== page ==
blood cupping

Originally Posted: 
Thursday, February 23, 2012

due to religious reasons I had done blood cupping from a person,t who says that he is expert on this in canda and usa.he did blood cupping four times to me .he say that they cut with fresh blade the upper skin and put a clean cup to suck the blood.the last time another person did the same and he washed my cup after sucking blood and the tissue he used drop down in the dustbin and he used the same tissue again to wipe my cup and did blood suction again two times.
I t is not sure that somebody tissue paper is infected in the dustbin.
what are my chances to get hiv,hepatitis b and c in tis case.
Ihave done the test after one month and it was negative.
how long i should wait further for these tests so that i can think free from these disesaes.
Is there any specific date after I think there is no infection.



Hello and thank you for using AIDS Vancouver as your source of HIV/AIDS related information.

To be honest, I am not familiar with the procedure you have received, but I'll try my best to address your concern.

To transmit HIV, there are conditions to be present:

1.  HIV+ bodily fluids (blood, pre-come and semen, vaginal fluids, rectal recreations and breast milk) AND

2.  A risky activity (such as unprotected anal/vaginal intercourse or sharing needles) AND

3.  Direct access to the bloodstream (vagina, anus, urethra in the penis, other mucosal membranes, point of needle injection and open cuts and sores (in theory though)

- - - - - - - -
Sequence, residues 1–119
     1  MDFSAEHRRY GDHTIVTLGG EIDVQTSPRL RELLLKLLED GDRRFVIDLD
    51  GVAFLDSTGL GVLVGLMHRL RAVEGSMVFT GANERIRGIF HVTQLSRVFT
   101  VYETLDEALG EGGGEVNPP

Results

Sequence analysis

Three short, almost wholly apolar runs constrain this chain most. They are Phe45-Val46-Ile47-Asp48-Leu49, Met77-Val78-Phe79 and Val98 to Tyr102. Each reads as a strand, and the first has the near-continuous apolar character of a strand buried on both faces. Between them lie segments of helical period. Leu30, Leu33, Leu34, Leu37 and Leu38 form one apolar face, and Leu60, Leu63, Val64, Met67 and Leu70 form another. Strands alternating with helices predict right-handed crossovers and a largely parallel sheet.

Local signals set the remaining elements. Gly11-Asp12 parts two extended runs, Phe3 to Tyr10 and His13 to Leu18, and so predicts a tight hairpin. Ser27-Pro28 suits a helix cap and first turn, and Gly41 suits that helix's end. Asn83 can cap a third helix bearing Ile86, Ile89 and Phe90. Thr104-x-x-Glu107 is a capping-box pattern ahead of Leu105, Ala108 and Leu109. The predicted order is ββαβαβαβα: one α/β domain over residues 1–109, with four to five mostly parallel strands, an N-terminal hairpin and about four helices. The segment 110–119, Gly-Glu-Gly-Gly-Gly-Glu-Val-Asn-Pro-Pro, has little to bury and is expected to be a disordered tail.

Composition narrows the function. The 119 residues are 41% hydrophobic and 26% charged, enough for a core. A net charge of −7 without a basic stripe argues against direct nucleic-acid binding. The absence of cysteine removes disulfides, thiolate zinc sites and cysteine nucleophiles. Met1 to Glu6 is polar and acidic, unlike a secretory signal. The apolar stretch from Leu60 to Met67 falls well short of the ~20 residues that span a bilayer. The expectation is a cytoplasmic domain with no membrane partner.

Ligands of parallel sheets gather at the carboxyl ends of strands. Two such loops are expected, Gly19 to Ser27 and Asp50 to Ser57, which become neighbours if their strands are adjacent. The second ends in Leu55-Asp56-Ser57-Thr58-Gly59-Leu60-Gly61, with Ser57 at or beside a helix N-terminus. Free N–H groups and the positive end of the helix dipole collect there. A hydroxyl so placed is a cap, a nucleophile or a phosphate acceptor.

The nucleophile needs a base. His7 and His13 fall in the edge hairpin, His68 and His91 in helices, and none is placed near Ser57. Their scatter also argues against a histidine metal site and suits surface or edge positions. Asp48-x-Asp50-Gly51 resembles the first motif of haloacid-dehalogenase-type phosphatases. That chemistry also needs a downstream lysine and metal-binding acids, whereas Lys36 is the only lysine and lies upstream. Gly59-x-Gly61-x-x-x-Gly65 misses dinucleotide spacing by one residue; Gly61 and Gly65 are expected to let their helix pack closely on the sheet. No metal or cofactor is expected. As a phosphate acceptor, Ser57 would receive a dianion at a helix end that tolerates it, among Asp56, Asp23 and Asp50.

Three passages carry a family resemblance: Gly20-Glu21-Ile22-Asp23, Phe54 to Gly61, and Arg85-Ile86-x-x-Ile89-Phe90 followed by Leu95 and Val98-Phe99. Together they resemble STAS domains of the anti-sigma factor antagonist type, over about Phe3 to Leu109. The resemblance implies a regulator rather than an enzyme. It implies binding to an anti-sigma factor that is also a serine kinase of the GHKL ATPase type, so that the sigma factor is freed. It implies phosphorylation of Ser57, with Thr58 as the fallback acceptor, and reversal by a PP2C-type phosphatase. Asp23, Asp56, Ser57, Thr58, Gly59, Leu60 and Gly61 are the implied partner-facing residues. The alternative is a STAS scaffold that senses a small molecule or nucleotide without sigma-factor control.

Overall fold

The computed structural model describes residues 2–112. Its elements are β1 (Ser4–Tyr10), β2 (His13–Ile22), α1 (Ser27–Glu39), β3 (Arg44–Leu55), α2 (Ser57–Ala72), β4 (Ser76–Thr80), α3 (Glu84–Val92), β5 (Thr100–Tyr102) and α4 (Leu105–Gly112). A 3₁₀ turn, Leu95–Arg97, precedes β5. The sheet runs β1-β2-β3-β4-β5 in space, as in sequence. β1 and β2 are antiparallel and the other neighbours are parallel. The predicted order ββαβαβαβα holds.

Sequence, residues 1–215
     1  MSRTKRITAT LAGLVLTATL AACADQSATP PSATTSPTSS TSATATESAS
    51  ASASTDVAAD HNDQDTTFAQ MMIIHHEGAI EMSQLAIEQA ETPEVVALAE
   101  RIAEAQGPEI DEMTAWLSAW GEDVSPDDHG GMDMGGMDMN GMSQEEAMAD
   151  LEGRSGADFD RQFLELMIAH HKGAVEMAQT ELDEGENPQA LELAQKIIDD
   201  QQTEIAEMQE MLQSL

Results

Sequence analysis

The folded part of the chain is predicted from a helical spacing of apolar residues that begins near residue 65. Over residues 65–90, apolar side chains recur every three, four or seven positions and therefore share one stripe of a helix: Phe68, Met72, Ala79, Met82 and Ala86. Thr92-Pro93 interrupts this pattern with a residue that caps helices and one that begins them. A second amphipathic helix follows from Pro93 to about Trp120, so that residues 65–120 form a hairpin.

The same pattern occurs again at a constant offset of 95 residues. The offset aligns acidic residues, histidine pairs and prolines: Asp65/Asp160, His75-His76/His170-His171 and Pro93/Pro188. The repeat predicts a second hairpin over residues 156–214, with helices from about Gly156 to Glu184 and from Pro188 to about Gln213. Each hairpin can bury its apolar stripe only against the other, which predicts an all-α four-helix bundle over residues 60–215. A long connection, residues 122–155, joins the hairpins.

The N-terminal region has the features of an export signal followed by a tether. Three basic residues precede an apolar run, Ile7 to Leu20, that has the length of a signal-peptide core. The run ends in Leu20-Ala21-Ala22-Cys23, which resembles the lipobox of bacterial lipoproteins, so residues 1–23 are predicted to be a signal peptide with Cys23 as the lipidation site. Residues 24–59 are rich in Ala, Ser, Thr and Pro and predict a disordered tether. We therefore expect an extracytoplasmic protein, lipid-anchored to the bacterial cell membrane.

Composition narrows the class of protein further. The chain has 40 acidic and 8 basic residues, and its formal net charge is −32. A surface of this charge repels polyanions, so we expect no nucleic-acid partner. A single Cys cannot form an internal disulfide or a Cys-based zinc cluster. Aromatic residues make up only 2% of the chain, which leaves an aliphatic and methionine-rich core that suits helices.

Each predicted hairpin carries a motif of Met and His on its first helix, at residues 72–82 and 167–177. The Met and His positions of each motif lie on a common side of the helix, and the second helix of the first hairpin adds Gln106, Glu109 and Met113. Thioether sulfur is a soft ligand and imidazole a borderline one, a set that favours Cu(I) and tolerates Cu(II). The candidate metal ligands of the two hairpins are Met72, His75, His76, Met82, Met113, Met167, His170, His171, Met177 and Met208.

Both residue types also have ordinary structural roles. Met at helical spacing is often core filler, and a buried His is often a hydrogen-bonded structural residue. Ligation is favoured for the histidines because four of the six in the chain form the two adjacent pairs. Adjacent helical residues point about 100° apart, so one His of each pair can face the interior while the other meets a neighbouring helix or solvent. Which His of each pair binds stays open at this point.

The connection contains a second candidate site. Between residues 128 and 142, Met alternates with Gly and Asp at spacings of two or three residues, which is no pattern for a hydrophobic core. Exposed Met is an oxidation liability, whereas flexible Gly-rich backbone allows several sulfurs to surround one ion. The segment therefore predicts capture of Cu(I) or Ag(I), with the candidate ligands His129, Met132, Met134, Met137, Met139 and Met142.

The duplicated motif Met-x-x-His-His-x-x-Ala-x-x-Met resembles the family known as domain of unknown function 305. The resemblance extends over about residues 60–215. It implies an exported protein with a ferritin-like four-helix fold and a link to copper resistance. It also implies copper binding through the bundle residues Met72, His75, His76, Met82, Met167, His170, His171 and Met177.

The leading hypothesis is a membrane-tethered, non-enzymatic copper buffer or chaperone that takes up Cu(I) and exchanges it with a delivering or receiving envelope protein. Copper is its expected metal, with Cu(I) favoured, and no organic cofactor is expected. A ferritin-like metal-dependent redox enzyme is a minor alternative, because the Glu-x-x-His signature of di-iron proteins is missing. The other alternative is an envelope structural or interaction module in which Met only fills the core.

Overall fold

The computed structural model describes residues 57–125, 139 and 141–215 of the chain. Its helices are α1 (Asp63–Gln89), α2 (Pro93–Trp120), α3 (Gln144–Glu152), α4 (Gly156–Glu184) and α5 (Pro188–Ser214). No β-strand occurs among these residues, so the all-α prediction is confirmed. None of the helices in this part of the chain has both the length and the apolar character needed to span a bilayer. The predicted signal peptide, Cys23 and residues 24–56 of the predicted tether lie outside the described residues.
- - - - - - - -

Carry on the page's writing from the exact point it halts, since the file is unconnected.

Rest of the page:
These three risk factors combined are what allow us to assess the amount of risk a person experienced from any given situation or activity.

So, from what I explained above, if there is no direct contact of HIV+ blood to your bloodstream, then there is no transmission of HIV. Using tissue paper which might be used on somebody is no risk of HIV transmission.

If you ingest the blood (take blood into your mouth), there may be a risk of HIV, Hep-B and C infection. If you are ingesting HIV+ blood however, saliva actually contains an enzyme which actually inhibits the virus from entering the bloodstream which makes HIV transmission less likely. That said, the only way to know for sure is to get tested.

It is great to hear that you got tested for HIV. The window period for HIV testing is 4-12 weeks (3 months) with up to 95% of infection being detectable within 4-6 weeks. So, it is a very good indicator that your result came back negative at 1 month period. Because I'm not sure the exact procedure, I suggest you to re-test at or after 3 months, but knowing you have received a negative result at a month, the result will be very likely the same.

Testing for Hep C (HCV) is actually recommended at 26 weeks following an activity you are concerned about. It may be helpful to note that not all exposures to HCV, Hep B or HIV will lead to an infection. In fact, with HCV, about 15% of infections will be cleared from the body naturally & not require any medication or long-term care/treatment. If you are concerned that Hep B, C or HIV+ blood had direct access to your blood stream, I recommend speaking with a medical professional regarding follow-up testing in order to properly diagnose any infections.

Hopefully you find the information helpful.

If you have any other questions and/or concerns, please feel free to call or email us.


Stay healthy and keep smiling


AIDS Vancouver Helpline Volunteer


Phone (Mon-Fri 9-4pm): (604) 696-4666


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